Tuesday, March 21, 2017

DRM in HTML5 takes its next step toward standardization

Enlarge (credit: Floyd Wilde)

Encrypted Media Extensions (EME), a mechanism by which HTML5 video providers can discover and enable DRM providers offered by a browser, has taken the next step on its contentious road to standardization. The World Wide Web Consortium (W3C), the standards body that oversees most Web-related specifications, has moved the EME specification to the Proposed Recommendation stage.

The next and final stage is for the W3C's Advisory Committee to review the proposal. If it passes review, the proposal will be blessed as a full W3C Recommendation.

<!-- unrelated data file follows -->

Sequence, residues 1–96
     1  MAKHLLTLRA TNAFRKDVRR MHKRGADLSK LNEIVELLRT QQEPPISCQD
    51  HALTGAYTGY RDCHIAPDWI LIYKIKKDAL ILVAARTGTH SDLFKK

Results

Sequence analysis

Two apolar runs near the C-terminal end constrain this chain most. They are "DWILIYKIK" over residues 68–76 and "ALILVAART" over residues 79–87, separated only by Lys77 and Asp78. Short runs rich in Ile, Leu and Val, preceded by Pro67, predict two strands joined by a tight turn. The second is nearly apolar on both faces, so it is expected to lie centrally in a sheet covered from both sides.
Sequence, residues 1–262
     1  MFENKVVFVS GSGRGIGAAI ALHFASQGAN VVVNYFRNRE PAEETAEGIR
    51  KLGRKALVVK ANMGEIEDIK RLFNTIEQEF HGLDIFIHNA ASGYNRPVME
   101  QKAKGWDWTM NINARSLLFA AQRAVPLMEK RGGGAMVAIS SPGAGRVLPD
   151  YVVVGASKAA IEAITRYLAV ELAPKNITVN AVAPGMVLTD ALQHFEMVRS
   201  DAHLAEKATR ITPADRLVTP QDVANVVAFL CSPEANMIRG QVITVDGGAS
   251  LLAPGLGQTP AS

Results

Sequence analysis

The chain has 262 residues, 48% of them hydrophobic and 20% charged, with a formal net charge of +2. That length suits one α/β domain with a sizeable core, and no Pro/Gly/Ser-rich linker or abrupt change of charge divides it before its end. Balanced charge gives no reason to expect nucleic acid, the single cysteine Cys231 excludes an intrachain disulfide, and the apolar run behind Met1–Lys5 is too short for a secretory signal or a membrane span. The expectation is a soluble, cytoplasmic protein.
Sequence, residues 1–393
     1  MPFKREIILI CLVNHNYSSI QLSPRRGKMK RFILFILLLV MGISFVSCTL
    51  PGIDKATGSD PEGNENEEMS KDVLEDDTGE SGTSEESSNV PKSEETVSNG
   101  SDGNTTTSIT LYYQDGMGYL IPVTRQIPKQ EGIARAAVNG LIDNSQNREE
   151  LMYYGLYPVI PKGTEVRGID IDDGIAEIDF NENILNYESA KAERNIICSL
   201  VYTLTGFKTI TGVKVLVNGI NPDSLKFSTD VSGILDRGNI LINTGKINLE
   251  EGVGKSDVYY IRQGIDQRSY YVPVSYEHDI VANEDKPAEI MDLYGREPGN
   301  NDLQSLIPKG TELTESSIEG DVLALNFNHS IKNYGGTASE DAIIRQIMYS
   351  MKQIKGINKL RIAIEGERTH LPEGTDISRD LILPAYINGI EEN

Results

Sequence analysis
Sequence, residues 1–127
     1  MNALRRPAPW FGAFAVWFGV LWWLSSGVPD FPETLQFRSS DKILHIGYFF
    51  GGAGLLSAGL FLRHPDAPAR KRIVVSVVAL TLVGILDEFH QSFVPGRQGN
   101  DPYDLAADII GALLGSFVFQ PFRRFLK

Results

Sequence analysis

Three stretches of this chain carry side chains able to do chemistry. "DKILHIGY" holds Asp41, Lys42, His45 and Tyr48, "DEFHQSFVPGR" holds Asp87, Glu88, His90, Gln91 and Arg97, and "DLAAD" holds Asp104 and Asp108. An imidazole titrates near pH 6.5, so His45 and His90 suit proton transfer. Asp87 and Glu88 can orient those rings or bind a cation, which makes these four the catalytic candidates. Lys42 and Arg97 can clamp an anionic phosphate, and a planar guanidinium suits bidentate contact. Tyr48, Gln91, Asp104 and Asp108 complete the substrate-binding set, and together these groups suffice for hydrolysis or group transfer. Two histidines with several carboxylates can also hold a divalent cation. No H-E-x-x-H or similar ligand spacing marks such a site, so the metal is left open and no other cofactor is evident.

Ever since W3C decided to start working on a DRM proposal, there have been complaints from those who oppose DRM on principle. The work has continued regardless, with W3C director, and HTML's inventor, Tim Berners-Lee arguing that—given that DRM is already extant and, at least for video, unlikely to disappear any time soon—it's better for DRM-protected content to be a part of the Web ecosystem than to be separate from it.

Read 6 remaining paragraphs | Comments

index?i=whyP5BN9Rkw:lq5psmHXIjA:V_sGLiPB index?i=whyP5BN9Rkw:lq5psmHXIjA:F7zBnMyn index?d=qj6IDK7rITs index?d=yIl2AUoC8zA

March 21, 2017 at 04:24AM

from Peter Bright